FLEXIBLE WORKING AFTER COVID-19 : A GUIDE ON WHAT TO EXPECT POST - LOCKDOWN
A study commissioned by Tiger Recruitment, recently found 87% of employees have had new and positive experiences of flexible working due to the pandemic. With 52% of employees preferring the flexibility in choosing how they work, employers can expect a significant upswing in flexible working requests.
FORMAL AND INFORMAL REQUESTS
S.80F Employment Rights Act 1996 ("ERA") enables employees who have been employed for at least 26 consecutive weeks to make a formal flexible working request every 12 months.
If an employee is unable to satisfy the requirements of s.80F ERA, then he can make an informal request. Principally, this will be beneficial for an individual whose request was rejected prior to Covid-19, as acceptances are more likely, due to the uncertain length of the pandemic. However, employers must remain vigilant as requests of this nature are likely to become long term concerns for businesses. The procedure for undertaking requests should be clearly stated in the company's flexible working policy.
PROCEDURE FOR CONSIDERING REQUESTS
The ACAS code to flexible working requires employers to deal with requests in a reasonable manner. By doing so, employers may avoid potential constructive dismissal and discrimination claims.
To deal with requests reasonably, employers must:
.Discuss the request with the employee as soon as possible;
.Consider the request carefully; in doing so, weigh up benefits for the employee against the business impact of implementing the change; the grounds for refusal set out below may help you make an efficient business consideration;
.Consider current events as a trial period for flexible working arrangements; and
.Deal with requests within a 3 month period (extendable by agreement between the employer and the employee), including decisions on appeal.
Although employees have a right to request flexible working and to have their request dealt with in a reasonable manner, employees do not have a right to flexible working. A legitimate business reason will enable employers to reject a request on specified business grounds, namely:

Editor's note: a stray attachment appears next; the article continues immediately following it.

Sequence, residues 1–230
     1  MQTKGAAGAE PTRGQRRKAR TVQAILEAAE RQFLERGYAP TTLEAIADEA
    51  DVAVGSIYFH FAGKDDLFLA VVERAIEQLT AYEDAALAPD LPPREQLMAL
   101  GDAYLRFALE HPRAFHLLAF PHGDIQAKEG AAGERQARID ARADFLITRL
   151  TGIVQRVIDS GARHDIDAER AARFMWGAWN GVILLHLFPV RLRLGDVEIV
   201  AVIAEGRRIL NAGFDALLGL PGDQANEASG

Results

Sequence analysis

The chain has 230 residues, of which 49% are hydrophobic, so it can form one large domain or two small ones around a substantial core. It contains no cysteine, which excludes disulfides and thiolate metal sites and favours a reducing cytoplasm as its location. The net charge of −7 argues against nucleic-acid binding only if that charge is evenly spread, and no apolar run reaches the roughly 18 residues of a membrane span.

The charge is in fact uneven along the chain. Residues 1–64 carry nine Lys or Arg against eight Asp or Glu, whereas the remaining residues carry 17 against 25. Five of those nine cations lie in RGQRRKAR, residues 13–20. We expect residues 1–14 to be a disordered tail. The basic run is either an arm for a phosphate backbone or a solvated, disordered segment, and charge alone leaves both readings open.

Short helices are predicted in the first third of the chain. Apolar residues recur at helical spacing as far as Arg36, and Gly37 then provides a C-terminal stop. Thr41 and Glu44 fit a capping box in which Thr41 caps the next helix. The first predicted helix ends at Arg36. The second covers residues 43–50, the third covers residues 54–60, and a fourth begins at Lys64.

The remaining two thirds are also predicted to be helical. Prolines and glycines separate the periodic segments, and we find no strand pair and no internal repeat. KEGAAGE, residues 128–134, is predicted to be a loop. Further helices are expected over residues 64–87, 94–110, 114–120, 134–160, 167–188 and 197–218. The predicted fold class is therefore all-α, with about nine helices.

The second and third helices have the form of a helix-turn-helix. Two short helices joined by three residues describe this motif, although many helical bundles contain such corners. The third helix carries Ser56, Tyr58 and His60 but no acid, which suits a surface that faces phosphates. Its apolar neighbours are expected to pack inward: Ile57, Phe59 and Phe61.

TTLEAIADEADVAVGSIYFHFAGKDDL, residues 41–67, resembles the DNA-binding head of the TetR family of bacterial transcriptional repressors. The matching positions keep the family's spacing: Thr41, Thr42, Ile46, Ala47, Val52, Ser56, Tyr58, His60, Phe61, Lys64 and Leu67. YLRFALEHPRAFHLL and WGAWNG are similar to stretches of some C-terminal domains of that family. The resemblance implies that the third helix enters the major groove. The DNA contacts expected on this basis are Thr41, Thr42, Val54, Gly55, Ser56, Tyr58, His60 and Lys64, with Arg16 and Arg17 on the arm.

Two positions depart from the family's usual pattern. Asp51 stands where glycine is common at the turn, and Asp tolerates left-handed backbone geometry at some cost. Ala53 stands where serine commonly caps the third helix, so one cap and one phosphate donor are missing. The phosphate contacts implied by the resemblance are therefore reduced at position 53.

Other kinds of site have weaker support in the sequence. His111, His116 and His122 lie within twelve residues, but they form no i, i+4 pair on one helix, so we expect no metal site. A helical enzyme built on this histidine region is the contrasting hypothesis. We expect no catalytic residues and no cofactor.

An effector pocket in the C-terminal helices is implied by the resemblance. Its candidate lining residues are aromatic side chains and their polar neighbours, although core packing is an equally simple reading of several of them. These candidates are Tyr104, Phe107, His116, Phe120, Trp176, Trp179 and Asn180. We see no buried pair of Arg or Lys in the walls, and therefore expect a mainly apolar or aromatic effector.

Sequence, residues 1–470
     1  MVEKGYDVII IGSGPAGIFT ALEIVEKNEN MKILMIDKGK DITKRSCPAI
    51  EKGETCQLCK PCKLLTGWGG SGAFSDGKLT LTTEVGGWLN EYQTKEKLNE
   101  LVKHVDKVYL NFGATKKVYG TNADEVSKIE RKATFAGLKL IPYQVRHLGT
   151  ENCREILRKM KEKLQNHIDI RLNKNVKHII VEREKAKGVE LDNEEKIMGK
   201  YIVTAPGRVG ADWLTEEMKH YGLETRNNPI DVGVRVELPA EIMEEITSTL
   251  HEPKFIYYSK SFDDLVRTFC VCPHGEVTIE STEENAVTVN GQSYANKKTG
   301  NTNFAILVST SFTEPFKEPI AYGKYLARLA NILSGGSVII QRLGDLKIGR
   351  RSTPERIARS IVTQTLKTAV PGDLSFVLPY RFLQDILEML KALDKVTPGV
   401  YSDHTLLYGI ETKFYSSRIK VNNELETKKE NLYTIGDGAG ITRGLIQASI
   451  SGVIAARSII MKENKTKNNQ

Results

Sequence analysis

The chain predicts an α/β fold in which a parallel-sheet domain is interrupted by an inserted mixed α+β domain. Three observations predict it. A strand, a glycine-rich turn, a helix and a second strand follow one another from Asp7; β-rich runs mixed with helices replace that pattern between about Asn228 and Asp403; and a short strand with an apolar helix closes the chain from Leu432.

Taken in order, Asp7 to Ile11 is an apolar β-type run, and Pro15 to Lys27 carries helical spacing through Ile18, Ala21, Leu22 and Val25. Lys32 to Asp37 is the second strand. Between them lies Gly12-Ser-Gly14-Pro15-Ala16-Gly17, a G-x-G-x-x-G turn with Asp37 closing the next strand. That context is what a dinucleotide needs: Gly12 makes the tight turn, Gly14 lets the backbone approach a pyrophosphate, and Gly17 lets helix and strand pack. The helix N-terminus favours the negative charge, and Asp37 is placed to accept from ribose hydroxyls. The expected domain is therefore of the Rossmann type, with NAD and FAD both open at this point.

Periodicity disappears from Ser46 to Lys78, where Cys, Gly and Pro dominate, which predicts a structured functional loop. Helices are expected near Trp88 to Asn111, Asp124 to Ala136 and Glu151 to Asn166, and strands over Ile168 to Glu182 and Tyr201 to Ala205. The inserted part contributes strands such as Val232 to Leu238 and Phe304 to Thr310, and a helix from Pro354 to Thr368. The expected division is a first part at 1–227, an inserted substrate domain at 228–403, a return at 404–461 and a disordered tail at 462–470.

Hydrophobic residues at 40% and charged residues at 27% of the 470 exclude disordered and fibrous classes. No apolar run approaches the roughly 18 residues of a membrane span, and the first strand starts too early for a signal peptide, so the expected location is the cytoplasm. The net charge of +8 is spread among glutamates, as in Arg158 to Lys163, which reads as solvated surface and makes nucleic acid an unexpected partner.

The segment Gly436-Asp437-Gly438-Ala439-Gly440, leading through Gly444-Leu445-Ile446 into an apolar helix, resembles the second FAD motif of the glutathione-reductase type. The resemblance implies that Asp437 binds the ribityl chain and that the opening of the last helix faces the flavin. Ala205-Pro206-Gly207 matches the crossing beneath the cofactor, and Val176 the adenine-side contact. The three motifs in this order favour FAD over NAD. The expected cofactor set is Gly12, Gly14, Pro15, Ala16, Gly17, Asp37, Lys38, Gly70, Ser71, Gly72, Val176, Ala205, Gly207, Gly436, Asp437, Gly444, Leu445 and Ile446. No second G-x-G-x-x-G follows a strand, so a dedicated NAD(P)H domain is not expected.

.Burden of additional costs;
.Detrimental effect on ability to meet customer demand;
.Detrimental impact on quality and performance;
.Inability to recognise work among existing staff;
.Planned structural changes ahead; or
. Inability to recruit additional staff.
The tribunal rejected discrimination and constructive dismissal claims in Whiteman v CPS Interiors Ltd and others  ET/2601103/2015, finding that the employer's legitimate business aim, based on the fact that the employee had to work together in the same room as other employees when deciding on designs, was a reasonable ground for rejecting the right to work flexibly.
MAKING DECISIONS DURING UNCERTAIN TIMES
We understand how difficult it is to make decisions facing up to the uncertainties of Covid- 19, from decisions on office premises, dealing with high number of customer requests and flexible working requests.
The negative implication of rising requests is the rise of concurrent requests. In that case, it is advisable you operate on a 'first come first served' basis, to ensure decisions are not tainted by discrimination. You further may find it difficult to reject requests at this given moment, especially if your new remote working measures have functioned effectively.
Given the influx of flexible working requests after Covid-19, employers must ensure all requests are considered reasonably. Especially, you should be wary of employees who need to care for themselves or are vulnerable individuals.
RISKS OF REFUSING A REQUEST ON
You may find it necessary to refuse requests. When doing so, you must ensure the ground for refusal is not discriminatory as this could amount to constructive dismissal. In Shaw v CCL Ltd  UKEAT/0512/06, judges found that refusing a request to work part-time and flexibly following the claimant's maternity leave amounted to indirect and direct sex discrimination and constructive dismissal, as the employee resigned because of the refusal.
If the refusal puts a group of workers at a particular disadvantage and the employer fails to objectively justify, this may give rise to indirect discrimination. For example, refusing a request by an employee whose request is linked to childcare responsibilities (Hacking & Paterson & Anor v Wilson  UKEATS/0054/09/BI).
Employers must also be cautious of the protections provided by the Part-time Workers Regulations 2000 (SI 2000/1551). These regulations ensure part-time workers are not treated less favourably than full-time workers. Therefore, to avoid breaching these regulations, you must consider requests from all employees in the same manner.
Should you have further queries on flexible working matters or need assistance in drafting your company's flexible working policy, please do not hesitate to contact us.
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